- Bangladesh's foreign minister said companies making "runaway profit" from the war in Ukraine should compensate affected, less developed nations.
- The war has had major global economic ramifications, especially for countries like Bangladesh which imports most of its energy sources.
- Last year, a United Nations report highlighted the fallout from Ukraine's war could dramatically worsen the economic outlook for developing countries already grappling with debt financing related to the Covid-19 pandemic.
Bangladesh's foreign minister said companies making "runaway profit" from the war in Ukraine should compensate affected, less developed nations.
"In this war, some companies are making runaway profit... energy companies and the defense companies," AK Abdul Momen told CNBC's Tanvir Gill on the sidelines of the G-20 foreign ministers summit in New Delhi.
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"Therefore, we will argue that those companies that are making runaway profit, they should dedicate at least 20% of the profit to those countries that are most affected like us," he added, without naming specific companies.
His comments come a little over a year after Russia's invasion of Ukraine. The World Bank estimated Ukraine's economy shrank by as much as 35% in the past year.
The war has also had major global economic ramifications, especially for countries like Bangladesh which imports most of its energy. The foreign minister said about 95% of the country's energy is imported.
"Naturally, we buy energy from abroad. The cost of energy has shot up, resulting in high inflation. We are trying to control the inflation by providing subsidies and it is costing the government," said Momen.
"Therefore, we want the end of the war. We believe in peaceful negotiations."
The foreign minister further noted the G-20 countries should make this compensation "mandatory."
"This is the G-20 leaders — they're the leaders of the world ... If I ask, they will not give a damn to it," said Momen. "But G-20 leaders, they can make it mandatory for all those companies to pay a proportion of their runaway profit to the most affected countries."
Last year, a United Nations report highlighted the fallout from Ukraine's war could dramatically worsen the economic outlook for developing countries already grappling with debt financing related to the Covid-19 pandemic.
"Rising commodity prices and trade disruptions are exacerbating inflationary pressures and dampened growth expectations are weighing on the recovery from Covid-19, with severe implications for some of the poorest and most vulnerable countries," said the report.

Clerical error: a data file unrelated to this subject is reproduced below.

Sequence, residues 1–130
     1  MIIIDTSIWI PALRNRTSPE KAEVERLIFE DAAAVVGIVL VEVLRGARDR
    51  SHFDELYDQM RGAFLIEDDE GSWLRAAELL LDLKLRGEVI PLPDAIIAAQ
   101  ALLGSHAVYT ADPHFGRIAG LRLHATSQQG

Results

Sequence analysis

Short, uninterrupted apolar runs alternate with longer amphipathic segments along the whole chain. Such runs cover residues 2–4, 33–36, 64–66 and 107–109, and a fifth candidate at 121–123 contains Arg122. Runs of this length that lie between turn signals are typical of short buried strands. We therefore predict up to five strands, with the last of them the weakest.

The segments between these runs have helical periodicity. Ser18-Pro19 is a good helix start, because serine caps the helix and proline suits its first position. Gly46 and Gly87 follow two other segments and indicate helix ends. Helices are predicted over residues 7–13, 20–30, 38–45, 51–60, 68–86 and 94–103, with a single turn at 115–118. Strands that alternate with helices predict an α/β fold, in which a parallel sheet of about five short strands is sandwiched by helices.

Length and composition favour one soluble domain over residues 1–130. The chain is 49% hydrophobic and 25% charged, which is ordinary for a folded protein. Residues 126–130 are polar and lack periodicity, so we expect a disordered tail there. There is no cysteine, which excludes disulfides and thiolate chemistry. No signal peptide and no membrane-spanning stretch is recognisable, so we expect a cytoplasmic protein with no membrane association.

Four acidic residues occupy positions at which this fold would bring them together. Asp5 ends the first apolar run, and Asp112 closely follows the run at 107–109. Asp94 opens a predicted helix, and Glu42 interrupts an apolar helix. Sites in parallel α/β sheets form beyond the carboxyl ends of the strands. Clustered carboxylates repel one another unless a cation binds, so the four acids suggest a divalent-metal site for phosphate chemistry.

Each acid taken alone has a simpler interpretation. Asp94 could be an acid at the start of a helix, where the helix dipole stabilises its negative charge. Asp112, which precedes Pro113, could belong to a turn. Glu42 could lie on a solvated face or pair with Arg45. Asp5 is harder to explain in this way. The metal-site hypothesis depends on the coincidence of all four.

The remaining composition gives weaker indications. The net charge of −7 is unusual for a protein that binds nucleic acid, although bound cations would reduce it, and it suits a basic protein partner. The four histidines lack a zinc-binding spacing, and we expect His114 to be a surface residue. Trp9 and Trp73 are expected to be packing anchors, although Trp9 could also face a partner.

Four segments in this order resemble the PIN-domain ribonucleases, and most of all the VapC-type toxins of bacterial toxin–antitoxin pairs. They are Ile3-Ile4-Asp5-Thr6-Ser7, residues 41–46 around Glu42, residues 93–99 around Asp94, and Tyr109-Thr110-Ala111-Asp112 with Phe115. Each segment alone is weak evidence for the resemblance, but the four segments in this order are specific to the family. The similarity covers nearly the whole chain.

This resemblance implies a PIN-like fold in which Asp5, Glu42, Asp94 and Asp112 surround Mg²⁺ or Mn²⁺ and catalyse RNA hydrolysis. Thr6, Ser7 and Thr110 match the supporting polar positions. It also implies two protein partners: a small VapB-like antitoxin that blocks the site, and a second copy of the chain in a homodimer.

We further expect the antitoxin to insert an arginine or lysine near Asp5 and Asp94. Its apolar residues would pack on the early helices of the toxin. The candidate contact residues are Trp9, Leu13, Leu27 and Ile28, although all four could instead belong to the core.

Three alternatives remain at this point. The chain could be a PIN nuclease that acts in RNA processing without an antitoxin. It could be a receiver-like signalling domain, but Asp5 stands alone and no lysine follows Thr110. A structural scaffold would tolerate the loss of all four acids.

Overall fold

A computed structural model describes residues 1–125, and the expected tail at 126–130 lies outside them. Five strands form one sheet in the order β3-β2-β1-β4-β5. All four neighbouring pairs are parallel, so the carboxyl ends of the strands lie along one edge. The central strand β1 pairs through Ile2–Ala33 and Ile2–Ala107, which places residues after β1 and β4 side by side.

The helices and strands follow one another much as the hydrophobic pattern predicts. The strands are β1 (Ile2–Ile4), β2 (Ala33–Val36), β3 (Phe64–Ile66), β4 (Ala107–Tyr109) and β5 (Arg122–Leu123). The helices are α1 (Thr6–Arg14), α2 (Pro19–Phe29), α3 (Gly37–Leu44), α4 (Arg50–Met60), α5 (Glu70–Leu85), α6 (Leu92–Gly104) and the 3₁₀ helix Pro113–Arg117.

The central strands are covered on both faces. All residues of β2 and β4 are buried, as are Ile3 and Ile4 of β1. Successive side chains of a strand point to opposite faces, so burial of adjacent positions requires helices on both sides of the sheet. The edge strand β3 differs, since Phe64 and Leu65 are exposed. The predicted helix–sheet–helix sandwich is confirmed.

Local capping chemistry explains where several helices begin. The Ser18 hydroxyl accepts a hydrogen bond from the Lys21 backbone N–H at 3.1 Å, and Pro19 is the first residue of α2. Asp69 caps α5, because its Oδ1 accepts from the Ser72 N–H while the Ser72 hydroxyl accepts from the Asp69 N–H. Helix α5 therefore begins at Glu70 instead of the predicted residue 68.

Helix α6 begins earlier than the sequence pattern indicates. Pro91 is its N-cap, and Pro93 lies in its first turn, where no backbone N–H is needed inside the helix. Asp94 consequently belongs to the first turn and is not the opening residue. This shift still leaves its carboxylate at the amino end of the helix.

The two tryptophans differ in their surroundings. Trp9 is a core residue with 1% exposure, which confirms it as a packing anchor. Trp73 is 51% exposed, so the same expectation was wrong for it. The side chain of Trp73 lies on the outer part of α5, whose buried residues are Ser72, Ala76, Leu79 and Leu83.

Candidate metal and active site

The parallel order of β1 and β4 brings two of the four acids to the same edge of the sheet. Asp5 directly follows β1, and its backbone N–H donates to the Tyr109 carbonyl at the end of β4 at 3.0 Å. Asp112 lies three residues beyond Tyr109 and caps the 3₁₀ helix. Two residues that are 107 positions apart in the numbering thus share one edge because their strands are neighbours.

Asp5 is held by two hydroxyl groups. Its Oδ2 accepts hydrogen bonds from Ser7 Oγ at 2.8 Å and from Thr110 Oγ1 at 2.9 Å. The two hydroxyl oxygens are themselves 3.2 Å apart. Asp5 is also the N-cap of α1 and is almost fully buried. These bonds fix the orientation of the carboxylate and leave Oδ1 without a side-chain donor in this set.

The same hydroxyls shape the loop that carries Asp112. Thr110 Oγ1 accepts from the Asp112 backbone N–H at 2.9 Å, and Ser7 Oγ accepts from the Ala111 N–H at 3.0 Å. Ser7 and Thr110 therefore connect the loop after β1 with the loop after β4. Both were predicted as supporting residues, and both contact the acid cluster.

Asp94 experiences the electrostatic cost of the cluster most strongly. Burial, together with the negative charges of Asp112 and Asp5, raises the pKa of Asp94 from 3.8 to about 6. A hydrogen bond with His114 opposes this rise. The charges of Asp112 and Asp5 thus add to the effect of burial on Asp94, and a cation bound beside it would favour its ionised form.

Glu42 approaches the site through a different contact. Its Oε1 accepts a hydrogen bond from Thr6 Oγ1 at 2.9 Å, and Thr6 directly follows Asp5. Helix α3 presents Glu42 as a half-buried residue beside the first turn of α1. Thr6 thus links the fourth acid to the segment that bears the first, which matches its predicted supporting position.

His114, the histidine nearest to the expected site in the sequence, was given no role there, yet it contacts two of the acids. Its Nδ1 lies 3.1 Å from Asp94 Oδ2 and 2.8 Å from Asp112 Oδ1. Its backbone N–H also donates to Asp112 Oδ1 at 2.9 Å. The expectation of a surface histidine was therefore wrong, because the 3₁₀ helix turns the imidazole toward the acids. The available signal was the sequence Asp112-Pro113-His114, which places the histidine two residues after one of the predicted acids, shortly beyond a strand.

"For many developing countries already at high risk of debt distress, the spillover effects of the war may further worsen debt vulnerabilities due to the increasing balance-of-payments and fiscal pressures," the UN said.
In late January, Bangladesh secured $4.7 billion in loans from the International Monetary Fund to help cushion the blow of a looming financial crisis.
It will get $3.3 billion under the IMF's extended credit facility and related arrangements, with an immediate disbursement of about $476 million. The IMF executive board also approved $1.4 billion under its newly created resilience and sustainability facility for climate investments for Bangladesh, making it the first Asian country to access it.
"Bangladesh's robust economic recovery from the pandemic has been interrupted by Russia's war in Ukraine, leading to a sharp widening of Bangladesh's current account deficit, depreciation of the Taka and a decline in foreign exchange reserves," the IMF said in a statement.
Bangladesh's foreign minister also said food security is another problem the country is struggling with that the G-20 leaders need to tackle. He was also critical of the Western sanctions imposed on Russia, saying the measures are hurting the developing countries the most.
"We are really upset also because this war …. has broken the supply chain as well as financial transition mechanism. And these are hurting us, it's hurting the poor developing countries a lot," said Momen.
"Next time, when they come up with the sanctions and counter sanctions they should at least consult with people like us — the developing countries — to get some idea as how much it will hurt them. And should create a mechanism so that the countries that would be hurt- that they should be compensated with."